Objective: Since the beginning of the lesbian, gay, bisexual, transgender, and queer (LGBTQ) rights movement, LGBTQ community centers have been on the front lines of mental health care for sexual and gender minorities (SGMs) across the United States. However, little is known about what types of mental health services LGBTQ community centers currently offer and their anticipated future needs, including training in and delivery of evidence-based practice.
Methods: Sixty executive directors and chief executive officers of LGBTQ community centers across the United States completed a survey regarding their centers' current treatment capacity, format, and type as well as perceived future needs. Survey items were supplemented with qualitative questions about perceived barriers to and facilitators of strengthening the capacity of mental health services.
Results: Center directors perceived a high need for mental health care in their communities and strove to meet that need despite constrained resources. About half of the centers (52%) reported having fewer than five mental health staff; still, most reported providing support groups (98%) and individual psychotherapy (85%). Most centers (88%) reported providing general evidence-based care, such as cognitive-behavioral therapy (62%), and all reported high support for their staff to receive training in more specific types of evidence-based, LGBTQ-affirmative care.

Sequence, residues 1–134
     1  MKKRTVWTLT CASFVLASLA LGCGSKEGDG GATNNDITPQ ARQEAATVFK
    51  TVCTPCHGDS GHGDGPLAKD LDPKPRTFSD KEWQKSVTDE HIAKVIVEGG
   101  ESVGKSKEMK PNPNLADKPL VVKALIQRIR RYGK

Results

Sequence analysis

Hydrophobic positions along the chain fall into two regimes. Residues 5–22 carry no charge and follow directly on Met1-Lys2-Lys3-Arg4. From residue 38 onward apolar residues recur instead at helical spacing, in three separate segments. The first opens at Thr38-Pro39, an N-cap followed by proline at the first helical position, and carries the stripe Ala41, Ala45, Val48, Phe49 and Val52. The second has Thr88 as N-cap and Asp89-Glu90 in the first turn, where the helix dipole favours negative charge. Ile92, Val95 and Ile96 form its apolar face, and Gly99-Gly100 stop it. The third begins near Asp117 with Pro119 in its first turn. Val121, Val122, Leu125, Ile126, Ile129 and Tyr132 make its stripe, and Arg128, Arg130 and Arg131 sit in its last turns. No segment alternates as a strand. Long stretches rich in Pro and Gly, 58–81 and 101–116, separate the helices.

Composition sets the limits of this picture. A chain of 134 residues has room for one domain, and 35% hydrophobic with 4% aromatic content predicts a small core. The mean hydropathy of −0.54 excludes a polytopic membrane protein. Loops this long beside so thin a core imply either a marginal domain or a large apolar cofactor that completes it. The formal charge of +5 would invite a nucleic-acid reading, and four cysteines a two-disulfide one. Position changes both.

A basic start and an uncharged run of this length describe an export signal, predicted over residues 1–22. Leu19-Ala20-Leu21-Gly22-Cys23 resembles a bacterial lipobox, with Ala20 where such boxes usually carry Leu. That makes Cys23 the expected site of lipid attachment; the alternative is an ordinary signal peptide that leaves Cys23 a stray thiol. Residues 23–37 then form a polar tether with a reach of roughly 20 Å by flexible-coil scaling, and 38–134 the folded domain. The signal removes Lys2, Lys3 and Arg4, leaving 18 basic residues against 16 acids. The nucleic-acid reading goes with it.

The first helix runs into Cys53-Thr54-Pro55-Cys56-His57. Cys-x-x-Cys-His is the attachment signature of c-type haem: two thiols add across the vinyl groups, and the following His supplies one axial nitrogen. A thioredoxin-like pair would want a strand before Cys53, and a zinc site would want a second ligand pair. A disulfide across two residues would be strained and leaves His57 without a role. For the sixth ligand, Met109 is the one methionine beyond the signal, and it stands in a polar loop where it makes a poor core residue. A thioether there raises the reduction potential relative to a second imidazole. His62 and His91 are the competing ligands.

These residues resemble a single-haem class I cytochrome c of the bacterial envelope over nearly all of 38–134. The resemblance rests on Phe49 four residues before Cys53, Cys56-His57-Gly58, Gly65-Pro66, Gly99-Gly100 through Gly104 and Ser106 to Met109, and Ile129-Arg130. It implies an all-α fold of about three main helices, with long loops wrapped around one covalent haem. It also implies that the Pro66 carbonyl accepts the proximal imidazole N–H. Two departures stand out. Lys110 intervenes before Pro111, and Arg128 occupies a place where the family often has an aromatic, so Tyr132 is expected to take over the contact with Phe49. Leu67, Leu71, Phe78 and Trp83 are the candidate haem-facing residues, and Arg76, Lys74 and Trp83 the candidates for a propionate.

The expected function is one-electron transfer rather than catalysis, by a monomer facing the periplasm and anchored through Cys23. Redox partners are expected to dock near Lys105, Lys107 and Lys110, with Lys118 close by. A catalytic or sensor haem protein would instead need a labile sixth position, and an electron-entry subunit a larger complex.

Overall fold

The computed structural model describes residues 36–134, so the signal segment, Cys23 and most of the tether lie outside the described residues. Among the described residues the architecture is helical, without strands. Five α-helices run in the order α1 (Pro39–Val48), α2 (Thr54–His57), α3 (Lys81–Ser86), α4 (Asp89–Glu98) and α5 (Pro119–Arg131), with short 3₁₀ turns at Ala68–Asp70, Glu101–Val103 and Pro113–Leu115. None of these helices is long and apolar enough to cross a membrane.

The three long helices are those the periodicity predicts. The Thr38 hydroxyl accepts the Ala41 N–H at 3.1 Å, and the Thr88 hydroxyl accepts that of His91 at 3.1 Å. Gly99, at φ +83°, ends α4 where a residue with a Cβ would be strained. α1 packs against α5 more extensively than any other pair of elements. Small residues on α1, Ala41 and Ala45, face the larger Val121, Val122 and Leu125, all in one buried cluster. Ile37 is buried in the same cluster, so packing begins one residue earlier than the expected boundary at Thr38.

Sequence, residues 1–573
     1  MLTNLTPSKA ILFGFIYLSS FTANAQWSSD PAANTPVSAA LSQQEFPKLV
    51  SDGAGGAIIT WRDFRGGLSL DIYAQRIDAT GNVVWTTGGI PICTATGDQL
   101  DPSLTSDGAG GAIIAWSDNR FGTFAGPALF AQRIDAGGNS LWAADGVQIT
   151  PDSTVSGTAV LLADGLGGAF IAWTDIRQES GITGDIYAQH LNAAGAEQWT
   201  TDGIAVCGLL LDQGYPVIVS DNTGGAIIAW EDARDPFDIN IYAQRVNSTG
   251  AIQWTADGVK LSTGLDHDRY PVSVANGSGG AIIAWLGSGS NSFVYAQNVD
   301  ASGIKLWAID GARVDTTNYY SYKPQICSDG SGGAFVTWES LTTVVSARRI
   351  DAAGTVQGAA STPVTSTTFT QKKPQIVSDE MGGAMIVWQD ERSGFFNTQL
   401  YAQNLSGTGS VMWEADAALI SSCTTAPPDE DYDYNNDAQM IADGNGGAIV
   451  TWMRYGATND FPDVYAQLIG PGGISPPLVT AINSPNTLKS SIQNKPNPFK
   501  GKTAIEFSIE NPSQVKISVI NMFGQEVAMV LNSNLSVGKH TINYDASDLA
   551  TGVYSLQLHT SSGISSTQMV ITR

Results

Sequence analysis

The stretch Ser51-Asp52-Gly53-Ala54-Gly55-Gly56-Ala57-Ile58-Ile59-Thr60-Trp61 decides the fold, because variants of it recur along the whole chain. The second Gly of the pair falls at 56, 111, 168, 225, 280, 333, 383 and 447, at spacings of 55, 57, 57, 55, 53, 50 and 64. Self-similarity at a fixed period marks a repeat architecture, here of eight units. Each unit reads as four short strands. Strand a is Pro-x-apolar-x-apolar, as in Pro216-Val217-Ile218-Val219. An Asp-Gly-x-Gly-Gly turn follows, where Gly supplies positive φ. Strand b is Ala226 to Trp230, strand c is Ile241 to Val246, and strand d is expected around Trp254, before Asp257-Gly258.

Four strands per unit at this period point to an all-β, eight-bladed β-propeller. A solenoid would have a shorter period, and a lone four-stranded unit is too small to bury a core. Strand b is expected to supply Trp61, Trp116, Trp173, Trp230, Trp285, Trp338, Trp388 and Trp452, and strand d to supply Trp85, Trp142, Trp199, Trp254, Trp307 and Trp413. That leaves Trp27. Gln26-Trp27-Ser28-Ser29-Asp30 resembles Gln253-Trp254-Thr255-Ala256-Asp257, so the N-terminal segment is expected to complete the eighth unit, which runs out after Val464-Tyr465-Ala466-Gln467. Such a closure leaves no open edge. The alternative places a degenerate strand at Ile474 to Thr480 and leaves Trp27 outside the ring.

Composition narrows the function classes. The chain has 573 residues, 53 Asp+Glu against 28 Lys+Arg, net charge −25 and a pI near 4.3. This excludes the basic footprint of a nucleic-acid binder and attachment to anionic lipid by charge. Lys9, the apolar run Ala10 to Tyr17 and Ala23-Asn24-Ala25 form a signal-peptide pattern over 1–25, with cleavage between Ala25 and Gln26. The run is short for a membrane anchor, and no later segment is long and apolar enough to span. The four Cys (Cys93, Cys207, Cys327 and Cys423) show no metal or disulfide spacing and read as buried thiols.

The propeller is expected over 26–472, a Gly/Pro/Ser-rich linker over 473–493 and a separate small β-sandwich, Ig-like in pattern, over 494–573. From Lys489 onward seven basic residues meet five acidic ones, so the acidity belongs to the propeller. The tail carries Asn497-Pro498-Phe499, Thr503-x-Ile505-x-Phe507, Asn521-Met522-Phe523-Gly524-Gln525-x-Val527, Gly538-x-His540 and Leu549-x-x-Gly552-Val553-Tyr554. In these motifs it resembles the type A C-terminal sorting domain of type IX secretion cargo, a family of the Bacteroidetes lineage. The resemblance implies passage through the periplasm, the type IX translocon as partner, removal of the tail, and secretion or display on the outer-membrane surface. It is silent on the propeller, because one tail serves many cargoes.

Conclusions: LGBTQ community centers continue to play an important role in supporting the mental health of SGMs. The centers also offer a significant opportunity to lead the way in addressing the substantial unmet mental health needs still facing this population by implementing evidence-based, LGBTQ-affirmative practice through efficient and cost-effective service delivery.
Keywords: Community mental health services; Evidence-based practice; Gender minority; Implementation science; LGTBQ; Sexual minority.